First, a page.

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What is Baiting?

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Baiting attacks use something to pique a victim’s interest or curiosity with the overall intention of luring a victim into a trap to steal personal information or corrupt systems with malware.

They do something to try and entice the victim to take an action that maybe they would not ordinarily take, with a strong focus on blindsiding the person who might usually be more aware of the risks they face in the regular day to day of their role.

One example of baiting would be to use physical media to spread malware. For example the attacker would leave the bait such as a USB stick where a victim may find it (car park, elevator etc of a targeted company). It may have a label on it identifying it as authentic such as “company payroll list”. The target victim would then insert it into a work or home computer resulting in automatic malware installation on the system.  Once this attack is underway there are a number of routes that the attack may follow such as exfiltrating data and making it public to damage the organisation, or using the same process to demand a ransom from the organisation.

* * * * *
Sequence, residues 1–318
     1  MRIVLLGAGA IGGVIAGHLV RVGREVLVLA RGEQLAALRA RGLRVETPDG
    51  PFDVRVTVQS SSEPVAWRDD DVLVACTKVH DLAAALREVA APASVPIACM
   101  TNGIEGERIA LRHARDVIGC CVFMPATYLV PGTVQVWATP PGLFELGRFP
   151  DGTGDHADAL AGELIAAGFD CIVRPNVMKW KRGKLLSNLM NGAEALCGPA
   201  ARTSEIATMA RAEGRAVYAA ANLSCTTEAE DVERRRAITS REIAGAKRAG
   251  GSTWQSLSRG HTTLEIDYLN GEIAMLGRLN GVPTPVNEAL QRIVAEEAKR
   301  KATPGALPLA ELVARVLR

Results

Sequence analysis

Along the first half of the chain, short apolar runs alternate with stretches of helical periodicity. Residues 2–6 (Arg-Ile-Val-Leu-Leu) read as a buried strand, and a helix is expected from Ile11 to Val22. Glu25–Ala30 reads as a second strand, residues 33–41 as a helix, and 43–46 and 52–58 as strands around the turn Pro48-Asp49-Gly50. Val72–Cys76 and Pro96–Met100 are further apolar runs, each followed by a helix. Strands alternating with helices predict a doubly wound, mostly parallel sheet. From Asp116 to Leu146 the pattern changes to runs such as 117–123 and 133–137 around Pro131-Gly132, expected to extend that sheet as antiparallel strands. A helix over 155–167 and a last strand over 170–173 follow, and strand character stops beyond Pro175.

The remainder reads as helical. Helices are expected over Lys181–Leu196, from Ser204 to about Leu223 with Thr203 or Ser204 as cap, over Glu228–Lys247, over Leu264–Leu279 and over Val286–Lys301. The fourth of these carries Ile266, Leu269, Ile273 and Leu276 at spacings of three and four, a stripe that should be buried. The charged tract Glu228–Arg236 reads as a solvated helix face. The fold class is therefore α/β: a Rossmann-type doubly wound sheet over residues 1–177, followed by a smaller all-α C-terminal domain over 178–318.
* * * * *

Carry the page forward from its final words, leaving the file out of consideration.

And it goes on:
In addition to physical baiting there is online baiting.  This attack method may consist of enticing ads on the internet that look and feel legitimate to the audience and highly relevant to the role or company they work for.  Once the ads are clicked on this leads to malicious sites being loaded which will be encouraging users to download an infected application, of course this is not known to the user at the time and will only become an issue once the user or someone within the target business becomes aware of the issue.  

Both physical and online baiting can be prevented by delivering staff training and communications focused on these risks.

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